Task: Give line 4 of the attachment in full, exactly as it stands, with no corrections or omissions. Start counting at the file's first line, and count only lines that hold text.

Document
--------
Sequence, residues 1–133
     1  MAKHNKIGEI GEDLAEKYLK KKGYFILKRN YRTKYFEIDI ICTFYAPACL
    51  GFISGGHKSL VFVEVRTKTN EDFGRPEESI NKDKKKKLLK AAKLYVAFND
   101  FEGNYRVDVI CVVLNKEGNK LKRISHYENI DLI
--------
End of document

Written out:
   101  FEGNYRVDVI CVVLNKEGNK LKRISHYENI DLI